Not too many places in Dublin stood out for me, but one that did was the Long Room of the Old Library at Trinity College.
The 65 metre long, 2-storey main chamber is lined on both sides with stalls of books- 200,000 of the oldest in the library’s collection. In between each stall on the lower level of the Long Room are marble busts of philosophers and writers including Aristotle, Homer, Shakespeare, and Socrates.
The Old Library was built between 1712 and 1732, with the Long Room’s barrel-vaulted ceiling being constructed in 1860. This expanded the library, allowing for the addition of an upper gallery to house the library’s rapidly growing collection. Since 1801, the Trinity College Library has had the right to claim a free copy of every book published in Britain and Ireland.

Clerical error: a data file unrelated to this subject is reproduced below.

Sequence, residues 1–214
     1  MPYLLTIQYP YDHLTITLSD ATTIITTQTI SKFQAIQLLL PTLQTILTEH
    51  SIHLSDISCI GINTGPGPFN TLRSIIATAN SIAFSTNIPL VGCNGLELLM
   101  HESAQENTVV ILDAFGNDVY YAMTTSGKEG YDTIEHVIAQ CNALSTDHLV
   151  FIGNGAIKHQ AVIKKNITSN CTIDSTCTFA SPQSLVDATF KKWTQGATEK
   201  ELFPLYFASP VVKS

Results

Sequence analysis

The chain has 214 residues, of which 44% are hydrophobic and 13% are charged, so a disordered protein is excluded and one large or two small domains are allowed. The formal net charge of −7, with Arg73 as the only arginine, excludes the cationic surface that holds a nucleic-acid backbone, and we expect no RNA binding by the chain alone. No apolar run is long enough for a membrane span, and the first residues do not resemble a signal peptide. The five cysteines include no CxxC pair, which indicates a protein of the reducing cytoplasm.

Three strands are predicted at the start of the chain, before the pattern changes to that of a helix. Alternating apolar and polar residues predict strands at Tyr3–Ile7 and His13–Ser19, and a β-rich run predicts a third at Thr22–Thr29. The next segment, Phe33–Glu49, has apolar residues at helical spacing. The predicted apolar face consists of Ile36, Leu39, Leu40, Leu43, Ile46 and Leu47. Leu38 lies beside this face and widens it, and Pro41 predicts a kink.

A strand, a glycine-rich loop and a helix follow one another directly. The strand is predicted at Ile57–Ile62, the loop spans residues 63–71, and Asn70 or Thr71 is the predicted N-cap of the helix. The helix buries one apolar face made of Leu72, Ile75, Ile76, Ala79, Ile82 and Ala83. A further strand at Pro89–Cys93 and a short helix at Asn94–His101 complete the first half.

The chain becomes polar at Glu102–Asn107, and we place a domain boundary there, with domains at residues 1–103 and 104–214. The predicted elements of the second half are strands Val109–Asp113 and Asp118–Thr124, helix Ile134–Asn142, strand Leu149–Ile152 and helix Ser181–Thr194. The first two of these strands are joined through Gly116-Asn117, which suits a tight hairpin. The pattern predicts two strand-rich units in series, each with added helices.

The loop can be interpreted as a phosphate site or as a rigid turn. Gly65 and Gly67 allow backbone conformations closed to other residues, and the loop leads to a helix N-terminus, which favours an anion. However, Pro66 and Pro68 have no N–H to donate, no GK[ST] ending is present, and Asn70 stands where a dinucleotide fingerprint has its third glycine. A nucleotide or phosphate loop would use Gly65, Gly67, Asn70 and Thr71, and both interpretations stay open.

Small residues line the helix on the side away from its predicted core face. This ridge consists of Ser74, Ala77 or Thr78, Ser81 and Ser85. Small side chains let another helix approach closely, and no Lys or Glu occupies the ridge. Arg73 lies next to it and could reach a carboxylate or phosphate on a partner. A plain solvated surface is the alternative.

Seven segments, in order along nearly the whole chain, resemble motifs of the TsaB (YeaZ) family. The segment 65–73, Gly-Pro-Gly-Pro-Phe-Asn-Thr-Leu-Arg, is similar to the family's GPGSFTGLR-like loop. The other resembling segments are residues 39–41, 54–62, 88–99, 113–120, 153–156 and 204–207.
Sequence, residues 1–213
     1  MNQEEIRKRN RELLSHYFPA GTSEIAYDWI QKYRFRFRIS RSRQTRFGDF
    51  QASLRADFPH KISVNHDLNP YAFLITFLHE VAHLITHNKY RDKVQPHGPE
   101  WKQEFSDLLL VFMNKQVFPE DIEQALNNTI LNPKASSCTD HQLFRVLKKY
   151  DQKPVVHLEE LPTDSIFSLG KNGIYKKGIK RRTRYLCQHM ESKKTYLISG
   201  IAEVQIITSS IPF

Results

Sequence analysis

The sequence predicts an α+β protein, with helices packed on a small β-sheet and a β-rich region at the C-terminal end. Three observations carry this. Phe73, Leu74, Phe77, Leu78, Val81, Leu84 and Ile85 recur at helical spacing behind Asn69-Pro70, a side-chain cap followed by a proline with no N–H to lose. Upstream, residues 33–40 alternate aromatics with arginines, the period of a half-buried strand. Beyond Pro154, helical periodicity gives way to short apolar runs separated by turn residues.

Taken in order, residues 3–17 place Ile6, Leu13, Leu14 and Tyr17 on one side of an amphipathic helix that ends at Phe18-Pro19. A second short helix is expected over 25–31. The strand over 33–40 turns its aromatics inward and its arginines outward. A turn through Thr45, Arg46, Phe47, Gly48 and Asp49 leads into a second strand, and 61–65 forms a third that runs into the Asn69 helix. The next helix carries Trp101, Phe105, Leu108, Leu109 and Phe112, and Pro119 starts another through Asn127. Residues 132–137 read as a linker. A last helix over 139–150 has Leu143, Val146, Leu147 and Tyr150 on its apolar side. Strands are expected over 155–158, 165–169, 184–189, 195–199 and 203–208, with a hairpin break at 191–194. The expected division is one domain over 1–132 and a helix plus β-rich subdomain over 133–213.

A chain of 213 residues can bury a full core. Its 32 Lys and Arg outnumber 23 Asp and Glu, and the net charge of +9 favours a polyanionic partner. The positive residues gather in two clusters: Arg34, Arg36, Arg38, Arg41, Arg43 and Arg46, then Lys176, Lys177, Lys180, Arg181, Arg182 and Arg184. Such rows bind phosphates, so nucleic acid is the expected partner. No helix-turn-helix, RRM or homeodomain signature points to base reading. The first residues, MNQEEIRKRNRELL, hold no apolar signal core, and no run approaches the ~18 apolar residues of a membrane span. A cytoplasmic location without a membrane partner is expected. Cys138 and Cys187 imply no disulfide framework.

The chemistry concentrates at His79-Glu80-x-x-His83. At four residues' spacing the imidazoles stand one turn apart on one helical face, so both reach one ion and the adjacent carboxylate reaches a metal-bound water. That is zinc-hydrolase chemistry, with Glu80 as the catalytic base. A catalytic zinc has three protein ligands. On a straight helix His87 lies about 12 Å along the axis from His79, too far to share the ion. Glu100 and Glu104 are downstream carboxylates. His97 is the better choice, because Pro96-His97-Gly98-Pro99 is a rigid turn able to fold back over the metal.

The Long Room, along with the Book of Kells (an illuminated manuscript of the the four Gospels of the New Testament), are a very popular tourist attraction. I recommend buying advance tickets on-line for the first entrance time in the morning. Plan to get there early so you can be first in-line at the ticket holders entrance. Then as soon as you get into the library, bypass the Book of Kells exhibition and go directly to the Long Room. This is how I was able to get a few quick photos of the Long Room without crowds in it.